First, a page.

It's refreshing, actually. I just listened to Charles say that the torture of terror suspects in 2002 was justified because the United States was flying blind and had no knowledge of what al Qaeda was planning. He won't say "torture", of course, although the law is clear that it is torture. (He and Fox News keep referring to the notion of "harsh interrogation techniques". I think they realized that the "enhanced interrogation techniques" was a little too close to the Gestapo's euphemism for comfort.) And he then said that destroying the tapes was justified because you don't want them coming up on YouTube, do you? So there you have it: the government has a right to torture when it feels like it and the right to destroy the evidence because it would incriminate them and hurt the image of the United States. Again, I keep pinching myself that I am actually hearing these things on the television.
I realize, of course, that that's the actual argument that Bush and Cheney make to themselves behind closed doors. I guess it's refreshing, if a little chilling, to hear a proud defense of lawlessness and violence at the heart of a constitutional republic on national television. But there are several critical and revealing premises behind it. The first is that the United States has effectively withdrawn from the Geneva Conventions. To say that the president can waive them at any time if he sees fit is to say that the United States is not bound by its treaty obligations. The second is that the president is not bound by any law or treaty governing the laws of warfare. Bush and Cheney won't say this because if they did, the jig would be up. The Constitution is extremely clear that the laws of warfare are determined by the Congress, not the president. So it's up to the Beltway Boys to defend the suspension of the rule of law and the legalization of torture as executive prerogatives, in violation of the Constitution. Hey: we're at war. The Constitution is now optional.
Notice also that this isn't the ticking time bomb case that Charles has previously invoked to defend torture. There was no imminent threat to hundreds of thousands of people; we had no way of knowing for sure that Zubaydah had any knowledge of such a devastating threat; and we have no independent way of knowing whether the information he allegedly gave up under torture was factually accurate. And so in the initial cases of torture under this administration, we discover it was used simply because we had no good intelligence of future threats; and we decided to use torture for a fishing expedition. So much for the rare exception to the rule.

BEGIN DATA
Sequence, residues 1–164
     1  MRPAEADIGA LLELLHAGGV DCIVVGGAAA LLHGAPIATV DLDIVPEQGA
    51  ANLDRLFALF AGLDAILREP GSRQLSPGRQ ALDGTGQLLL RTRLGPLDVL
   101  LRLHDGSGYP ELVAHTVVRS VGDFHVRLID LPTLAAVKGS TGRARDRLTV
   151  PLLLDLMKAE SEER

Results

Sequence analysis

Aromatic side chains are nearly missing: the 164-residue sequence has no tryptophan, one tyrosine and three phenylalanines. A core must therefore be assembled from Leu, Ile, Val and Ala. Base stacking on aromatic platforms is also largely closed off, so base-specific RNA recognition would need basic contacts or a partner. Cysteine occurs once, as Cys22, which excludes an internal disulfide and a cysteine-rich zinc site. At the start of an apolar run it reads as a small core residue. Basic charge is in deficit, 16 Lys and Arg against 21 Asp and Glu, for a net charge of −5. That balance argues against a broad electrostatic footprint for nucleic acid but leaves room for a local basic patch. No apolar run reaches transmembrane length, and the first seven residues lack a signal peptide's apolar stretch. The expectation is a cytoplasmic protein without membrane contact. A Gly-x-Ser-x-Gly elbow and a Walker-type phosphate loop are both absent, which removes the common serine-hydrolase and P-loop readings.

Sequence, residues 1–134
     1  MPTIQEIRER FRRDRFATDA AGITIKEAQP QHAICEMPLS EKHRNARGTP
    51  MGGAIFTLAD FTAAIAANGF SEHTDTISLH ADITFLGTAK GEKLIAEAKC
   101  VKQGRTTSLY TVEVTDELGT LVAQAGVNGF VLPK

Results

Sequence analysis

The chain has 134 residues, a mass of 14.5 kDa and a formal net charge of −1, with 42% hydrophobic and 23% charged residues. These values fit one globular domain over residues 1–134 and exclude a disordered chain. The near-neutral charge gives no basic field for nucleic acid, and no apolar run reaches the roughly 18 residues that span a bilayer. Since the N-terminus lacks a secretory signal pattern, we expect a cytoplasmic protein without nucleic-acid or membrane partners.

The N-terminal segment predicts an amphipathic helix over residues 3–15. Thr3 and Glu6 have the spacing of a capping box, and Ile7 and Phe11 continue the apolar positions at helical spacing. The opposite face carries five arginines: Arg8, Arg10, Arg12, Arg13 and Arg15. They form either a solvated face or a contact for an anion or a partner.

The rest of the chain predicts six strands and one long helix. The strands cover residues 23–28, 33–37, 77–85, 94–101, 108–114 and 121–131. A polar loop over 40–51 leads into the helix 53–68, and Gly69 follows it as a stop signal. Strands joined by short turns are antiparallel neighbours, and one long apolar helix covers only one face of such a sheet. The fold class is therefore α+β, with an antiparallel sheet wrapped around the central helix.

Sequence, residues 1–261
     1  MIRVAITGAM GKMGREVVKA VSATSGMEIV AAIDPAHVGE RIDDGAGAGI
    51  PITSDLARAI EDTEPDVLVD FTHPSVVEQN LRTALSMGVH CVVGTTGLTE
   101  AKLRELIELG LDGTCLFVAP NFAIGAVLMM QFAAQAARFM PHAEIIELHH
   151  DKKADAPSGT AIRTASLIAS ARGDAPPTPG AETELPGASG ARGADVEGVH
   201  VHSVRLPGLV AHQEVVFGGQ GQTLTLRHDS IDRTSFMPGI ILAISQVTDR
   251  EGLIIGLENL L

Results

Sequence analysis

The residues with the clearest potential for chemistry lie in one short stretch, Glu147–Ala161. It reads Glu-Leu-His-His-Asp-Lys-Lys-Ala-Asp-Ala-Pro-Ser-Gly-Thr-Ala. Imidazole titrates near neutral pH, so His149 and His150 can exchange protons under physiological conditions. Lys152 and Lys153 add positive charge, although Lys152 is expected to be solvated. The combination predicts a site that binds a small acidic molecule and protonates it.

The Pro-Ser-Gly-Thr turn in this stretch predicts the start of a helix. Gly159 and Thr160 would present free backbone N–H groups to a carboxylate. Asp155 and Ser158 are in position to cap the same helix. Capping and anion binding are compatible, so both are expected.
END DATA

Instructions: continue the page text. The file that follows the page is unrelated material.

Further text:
The defenders of torture are always saying that it can be used "judiciously" and in extremely limited circumstances, that it can be controlled within the executive branch; that it need not metastasize into a broader policy, and need not trickle down to others. But from all the facts we now know, this executive decision to rescind the Geneva Conventions began with cases that were already beneath the "ticking time bomb" scenario, and within months spread like wildfire across every theater of combat, including every major branch of the armed services, leading to scores of deaths in interrogation, almost casual if brutal torture of (often innocent) suspects in Afghanistan and Iraq, secret torture sites in Eastern Europe, God knows what in outsourced torture in the grim redoubts of Uzbek, Syrian, Jordanian and Egyptian police states, and, of course, the excrescence of Abu Ghraib, which Bush had the gall to say he had nothing to do with.
So when you look at what torture has done already to the United States, we see that every bad scenario that those of us who oppose torture feared has actually come about. And we have no independent evidence that it has solved anything, or saved any lives, except the self-serving statements of those who authorized it. And the truth is: we will probably never know. If they are cynical and brazen enough to destroy incriminating tapes, they are cynical and brazen enough to destroy any evidence within the executive branch that could prove that their torture policy has failed. If this isn't a form of tyranny, annexed to torture, what is? And if the executive branch can simply get away with it, and have serious commentators defend the president's trashing of the Constitution as necessary to fulfill his oath of office, we really have left the rule of law behind in the ditch.
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